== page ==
Councillor Tom Gill's Vision for Surrey

C-Tom-GillWhat do you do after you’ve just been re-elected, garnering the most votes – even more votes than the newly elected Mayor – in one of the fastest growing, most cultural diverse cities in the country? Well if you’re City of Surrey Councillor Tom Gill, you get right back to work. This work includes being the Chair of the City’s Finance and Transportation Committees, an active member of the Parks committee and meeting with citizens on a daily basis who come to him with often complicated concerns or needs. “I work exceptionally hard for anyone who comes into my office,” Tom explains. “Even if I don’t agree with them, I am willing to engage them in dialogue and discussion. And if I can’t help them, I try to find an acceptable medium or direct them to the right place where they may get the help they are looking for.”

Add these responsibilities to working full-time, as a Chief Financial Officer for the non-profit organization Coast Mental Health (Tom is a certified accountant) based out in Vancouver, which helps some of our most vulnerable populations – those living with mental illness, and being a fully involved dad with his kids, with the oldest being 16 and the youngest 11, and one must wonder when he finds time to sleep!  

And let’s add one more accomplishment to the list – becoming more fluent in Punjabi over time (as initially he notes “My spoken Punjabi was poor”). While he of course serves all residents of Surrey, Tom finds that this ability to communicate with many of the Punjabi-speaking residents of Surrey has given him a deeper appreciation for the needs of these communities that call Surrey home. And he is proud that he and his colleagues in Council have listened to these community members, citing the many accomplishments of the Municipal Government over the past few years. These include: developing community rooms in parks, where South Asian seniors can socialize together; supporting the facility development for a highly successful wrestling club; developing infrastructure for soccer, grass hockey and cricket fields; and expanding Newton Athletic Park to include more parking spots, more multipurpose fields, a water park and a walking track. He also cites as successes some issues that were often quite contentious – such as the removal of caps on residential family lot and the legalizing of basement suites. “This was a huge issue,” he notes, “and a lot of other municipalities had dealt with it already. We unfortunately; were one of the last municipalities to address it.” He notes the desire for basement suites is far from solely a South Asian issue, with many families requiring suites as a way to supplement their incomes given the high cost of living.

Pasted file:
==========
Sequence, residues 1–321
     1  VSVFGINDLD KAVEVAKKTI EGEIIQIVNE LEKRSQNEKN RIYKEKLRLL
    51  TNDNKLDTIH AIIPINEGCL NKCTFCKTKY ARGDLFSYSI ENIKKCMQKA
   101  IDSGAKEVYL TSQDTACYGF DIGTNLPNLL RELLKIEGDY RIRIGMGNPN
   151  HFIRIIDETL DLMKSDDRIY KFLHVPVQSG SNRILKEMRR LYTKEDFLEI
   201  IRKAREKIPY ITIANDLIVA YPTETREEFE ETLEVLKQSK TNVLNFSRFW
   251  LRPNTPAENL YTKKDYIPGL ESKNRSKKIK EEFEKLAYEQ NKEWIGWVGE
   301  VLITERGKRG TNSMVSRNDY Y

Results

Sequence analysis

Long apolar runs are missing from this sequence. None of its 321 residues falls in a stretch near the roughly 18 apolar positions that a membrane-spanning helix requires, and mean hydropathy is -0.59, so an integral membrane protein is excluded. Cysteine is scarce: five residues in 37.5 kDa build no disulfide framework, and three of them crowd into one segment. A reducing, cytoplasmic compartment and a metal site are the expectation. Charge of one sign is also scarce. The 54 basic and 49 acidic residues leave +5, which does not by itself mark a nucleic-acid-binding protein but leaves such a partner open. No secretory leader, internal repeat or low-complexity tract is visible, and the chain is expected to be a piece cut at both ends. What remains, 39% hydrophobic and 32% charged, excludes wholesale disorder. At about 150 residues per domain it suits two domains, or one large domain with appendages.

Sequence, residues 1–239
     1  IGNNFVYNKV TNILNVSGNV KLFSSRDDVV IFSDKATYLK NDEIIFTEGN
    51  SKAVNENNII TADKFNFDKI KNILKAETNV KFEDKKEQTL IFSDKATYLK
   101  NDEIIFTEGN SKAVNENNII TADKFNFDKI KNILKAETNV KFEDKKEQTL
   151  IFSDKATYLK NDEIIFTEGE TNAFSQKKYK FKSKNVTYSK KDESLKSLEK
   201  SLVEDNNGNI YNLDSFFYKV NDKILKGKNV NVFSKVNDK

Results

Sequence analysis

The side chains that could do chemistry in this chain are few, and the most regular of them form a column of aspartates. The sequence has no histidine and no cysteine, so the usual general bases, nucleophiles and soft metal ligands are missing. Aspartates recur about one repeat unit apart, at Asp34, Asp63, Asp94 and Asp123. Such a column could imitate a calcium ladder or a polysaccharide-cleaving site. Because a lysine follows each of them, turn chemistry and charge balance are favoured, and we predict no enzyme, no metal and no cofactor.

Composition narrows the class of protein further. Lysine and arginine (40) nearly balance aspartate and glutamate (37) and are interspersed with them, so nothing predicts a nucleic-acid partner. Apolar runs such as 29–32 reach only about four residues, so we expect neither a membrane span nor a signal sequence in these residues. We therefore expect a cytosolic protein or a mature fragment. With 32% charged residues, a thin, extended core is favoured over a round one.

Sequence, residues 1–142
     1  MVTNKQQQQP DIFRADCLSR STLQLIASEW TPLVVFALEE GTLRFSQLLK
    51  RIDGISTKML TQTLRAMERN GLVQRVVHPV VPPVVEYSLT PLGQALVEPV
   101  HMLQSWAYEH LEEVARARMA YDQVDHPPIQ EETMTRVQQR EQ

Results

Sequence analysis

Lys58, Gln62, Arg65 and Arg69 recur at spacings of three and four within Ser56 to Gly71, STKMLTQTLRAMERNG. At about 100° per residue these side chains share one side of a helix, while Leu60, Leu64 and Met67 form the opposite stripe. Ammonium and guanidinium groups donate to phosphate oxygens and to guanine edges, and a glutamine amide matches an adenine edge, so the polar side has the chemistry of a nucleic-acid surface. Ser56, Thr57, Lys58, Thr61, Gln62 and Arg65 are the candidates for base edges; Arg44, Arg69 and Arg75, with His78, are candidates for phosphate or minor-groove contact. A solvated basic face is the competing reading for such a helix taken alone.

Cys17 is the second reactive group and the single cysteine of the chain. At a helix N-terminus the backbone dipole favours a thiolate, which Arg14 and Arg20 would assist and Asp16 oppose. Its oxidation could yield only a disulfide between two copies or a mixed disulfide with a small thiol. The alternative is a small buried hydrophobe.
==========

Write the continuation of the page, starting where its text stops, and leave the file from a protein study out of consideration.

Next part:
As for garnering the most votes in the recent election, Tom, who has been a City of Surrey Councillor since 2005, takes it as a sign he is doing something right. He also sees it as “a real honour – a humbling experience.” He also feels many of his colleagues were re-elected because residents like the direction the city and its government are taking. “Some criticized decisions such as building the new city hall, but under our Mayor Dianne Watts, who took calculated risks and showed great leadership, we went ahead with it. We’ve had 29 projects in Whalley since, and for every dollar invested in City Hall, we will see $30 in return.”

Tom looks forward to fulfilling some of the goals discussed during the municipal election – such as bringing in more police officers, continuing to strengthen and enforce bylaws to create safer communities, and bringing in light rail transit. While Tom is proud of what Council has already accomplished under the outgoing Mayor, with the revitalization of the Whalley neighbourhood, he advises Council and new Mayor Linda Hepner must look at the issues that have arisen in Newton over the past few years around residents’ concerns around safety. He advises one positive step in that regard is that all of the initial new police hires will all be located in that neighbourhood. Another step he cites is the work of bylaw officers to shut down unregulated and poorly run recovery homes.

Tom looks forward to working with his colleagues on Council, as well as politicians from provincial and federal governments, in order to continue to make Surrey a city where people will want to live. He recalls the famous architect Bing Thom (whose local designs include SFU Surrey/Central City and the City Centre Library) once telling him, “Build a city people want to live in, all else will follow. People will move there, businesses and industries will move there.” He believes the city is well on its way in becoming that place. With great pride he states, “I believe this is the most exciting time in the history of Surrey.”

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